Toasting winners in our 2016 Champagne Chair Contest.

LOOKING FOR THE 2018 CHAMPAGNE CHAIR CONTEST? This post contains details from the 2016 contest. The 2018 contest begins December 18, 2017, although nothing says you can’t begin working on your entry now. For more details about the 2018 contest, visit the official web page.

They “glued with fierceness,” hurt their hands straightening wire and agonized over prototypes.

And now that the judging is complete, the efforts of the four winners in the 2016 Champagne Chair Contest can be celebrated.

So pop a cork and raise a glass to Irisa Xiong, Leah Amick and Yukie Snowcha for winning first, second and third place in the Best Original Design category, and to James Martell for Best Likeness, a new category this year.

They were among more than 500 designers who submitted entries in this year, the most ever in the 12 years the contest has been held. To enter, they had to make a chair using only the cork, wire and foil from no more than two bottles of Champagne. Glue is the only other allowed material.

The judges for this year’s contest were Juan Garcia Mosqueda, founder of design boutique Chamber; Bec Brittain, a lighting and product designer; and Patrick Janelle, a brand consultant and co-founder of Spring Street Social Society. They selected the winners from groups of finalists in each category. Winners receive a range of prizes.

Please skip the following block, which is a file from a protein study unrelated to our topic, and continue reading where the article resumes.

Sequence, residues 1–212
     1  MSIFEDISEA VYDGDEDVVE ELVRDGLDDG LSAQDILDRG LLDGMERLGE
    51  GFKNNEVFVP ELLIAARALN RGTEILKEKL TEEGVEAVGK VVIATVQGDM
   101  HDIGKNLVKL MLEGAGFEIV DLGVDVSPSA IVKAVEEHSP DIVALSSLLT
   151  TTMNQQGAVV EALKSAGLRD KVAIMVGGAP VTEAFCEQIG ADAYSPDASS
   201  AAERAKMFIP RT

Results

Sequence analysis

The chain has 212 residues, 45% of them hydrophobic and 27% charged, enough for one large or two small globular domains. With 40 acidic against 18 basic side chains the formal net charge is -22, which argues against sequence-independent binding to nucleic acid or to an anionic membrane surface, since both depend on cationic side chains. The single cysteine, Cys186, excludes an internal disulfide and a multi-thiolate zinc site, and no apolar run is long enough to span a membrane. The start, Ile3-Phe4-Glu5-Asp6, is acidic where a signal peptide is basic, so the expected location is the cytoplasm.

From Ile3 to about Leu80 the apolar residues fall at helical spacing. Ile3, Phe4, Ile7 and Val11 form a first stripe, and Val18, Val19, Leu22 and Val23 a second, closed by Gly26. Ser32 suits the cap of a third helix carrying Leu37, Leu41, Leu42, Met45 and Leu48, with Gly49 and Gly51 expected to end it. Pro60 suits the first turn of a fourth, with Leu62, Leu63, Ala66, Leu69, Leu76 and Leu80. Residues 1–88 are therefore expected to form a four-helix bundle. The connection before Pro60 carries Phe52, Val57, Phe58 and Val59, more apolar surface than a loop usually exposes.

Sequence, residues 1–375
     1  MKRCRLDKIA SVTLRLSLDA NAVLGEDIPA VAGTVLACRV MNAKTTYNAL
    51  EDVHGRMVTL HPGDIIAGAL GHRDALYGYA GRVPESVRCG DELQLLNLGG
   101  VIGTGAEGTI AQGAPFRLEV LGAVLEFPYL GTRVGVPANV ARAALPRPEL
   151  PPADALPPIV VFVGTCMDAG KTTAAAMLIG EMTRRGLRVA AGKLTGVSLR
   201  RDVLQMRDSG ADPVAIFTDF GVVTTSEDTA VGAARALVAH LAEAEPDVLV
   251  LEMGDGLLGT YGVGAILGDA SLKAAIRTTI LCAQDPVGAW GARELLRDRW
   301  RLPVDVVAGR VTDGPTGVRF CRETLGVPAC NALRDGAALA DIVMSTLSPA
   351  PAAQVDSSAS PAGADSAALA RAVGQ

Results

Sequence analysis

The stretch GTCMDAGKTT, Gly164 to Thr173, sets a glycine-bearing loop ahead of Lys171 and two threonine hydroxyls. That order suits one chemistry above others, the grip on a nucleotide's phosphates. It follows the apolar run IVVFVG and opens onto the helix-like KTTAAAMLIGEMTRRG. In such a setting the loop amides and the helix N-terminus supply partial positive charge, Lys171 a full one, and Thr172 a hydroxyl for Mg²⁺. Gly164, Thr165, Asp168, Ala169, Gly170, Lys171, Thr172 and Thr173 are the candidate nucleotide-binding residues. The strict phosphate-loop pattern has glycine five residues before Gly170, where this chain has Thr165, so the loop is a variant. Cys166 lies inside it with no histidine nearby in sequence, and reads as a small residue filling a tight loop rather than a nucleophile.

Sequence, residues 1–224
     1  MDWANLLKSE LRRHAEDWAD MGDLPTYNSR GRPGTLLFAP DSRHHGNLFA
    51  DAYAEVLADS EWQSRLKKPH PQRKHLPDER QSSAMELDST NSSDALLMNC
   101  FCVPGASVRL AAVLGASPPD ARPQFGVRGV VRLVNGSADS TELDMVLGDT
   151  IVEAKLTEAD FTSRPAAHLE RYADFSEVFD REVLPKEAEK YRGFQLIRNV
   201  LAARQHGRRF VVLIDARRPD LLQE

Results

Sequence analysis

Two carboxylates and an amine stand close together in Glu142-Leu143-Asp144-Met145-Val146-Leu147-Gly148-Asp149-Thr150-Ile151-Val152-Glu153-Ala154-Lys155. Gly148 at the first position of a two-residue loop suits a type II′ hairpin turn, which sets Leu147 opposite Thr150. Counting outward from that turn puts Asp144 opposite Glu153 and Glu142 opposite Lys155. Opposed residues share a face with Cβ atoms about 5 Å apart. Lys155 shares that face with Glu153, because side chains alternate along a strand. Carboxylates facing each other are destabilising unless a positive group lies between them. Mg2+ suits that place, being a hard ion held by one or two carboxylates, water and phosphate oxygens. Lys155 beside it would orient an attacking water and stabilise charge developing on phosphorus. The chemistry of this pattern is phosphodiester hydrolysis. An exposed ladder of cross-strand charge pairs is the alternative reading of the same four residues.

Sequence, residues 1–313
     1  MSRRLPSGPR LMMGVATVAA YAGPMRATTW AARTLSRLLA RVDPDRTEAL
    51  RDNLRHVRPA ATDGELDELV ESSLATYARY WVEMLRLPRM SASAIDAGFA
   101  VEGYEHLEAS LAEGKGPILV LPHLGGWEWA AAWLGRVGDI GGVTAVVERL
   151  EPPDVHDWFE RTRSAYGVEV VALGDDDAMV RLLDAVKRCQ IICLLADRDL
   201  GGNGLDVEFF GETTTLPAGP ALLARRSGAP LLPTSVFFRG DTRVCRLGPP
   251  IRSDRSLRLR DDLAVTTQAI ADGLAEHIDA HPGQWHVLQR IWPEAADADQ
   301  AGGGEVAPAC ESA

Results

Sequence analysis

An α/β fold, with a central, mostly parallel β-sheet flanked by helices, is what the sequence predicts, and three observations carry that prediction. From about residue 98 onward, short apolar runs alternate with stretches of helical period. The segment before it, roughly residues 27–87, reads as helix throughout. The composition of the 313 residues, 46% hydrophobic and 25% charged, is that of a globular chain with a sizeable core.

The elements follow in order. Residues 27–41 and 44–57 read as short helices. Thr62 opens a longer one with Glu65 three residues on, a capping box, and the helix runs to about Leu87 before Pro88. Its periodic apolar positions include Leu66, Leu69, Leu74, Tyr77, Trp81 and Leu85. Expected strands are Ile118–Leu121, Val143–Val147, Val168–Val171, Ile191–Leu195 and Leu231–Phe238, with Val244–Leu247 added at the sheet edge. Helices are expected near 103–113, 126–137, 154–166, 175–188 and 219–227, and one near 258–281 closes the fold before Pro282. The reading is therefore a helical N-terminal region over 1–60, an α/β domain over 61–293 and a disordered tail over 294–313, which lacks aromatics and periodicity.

Enjoy the chairs below, and then chill a couple of bottles of bubbly and get out your tools. The call for entries in the 13th annual Champagne Chair Contest will come in late December.

Best Original Design

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First place, Irisa Xiong
“My process to make the chair was not so sexy,” says Irisa Xiong, a first-timer in the Champagne Chair Contest and Brooklyn resident. “I used spare lunchtimes to sketch some ideas. Suddenly it’s the night the entry is due. I get home from work, and, even though it’s Friday, I go sit right in bed. I usually use Fridays to pre-game my sleep gig. But my boyfriend begins this daunting critique about doing something productive, something about a cork chair or whatever, guilting me through it, how it’s due at midnight … Anyway, we get started and before you know it, we are in the flow, kicking back, sanding, focusing, joking, gluing with fierceness – and that’s it! Chair done.” She admits to committing a fatal mistake during construction “and cursed my way to the liquor store to get a replacement champagne guy.” Xiong, a product designer by day, says her biggest challenge was “finding the gumption to go to Home Depot and get sandpaper.”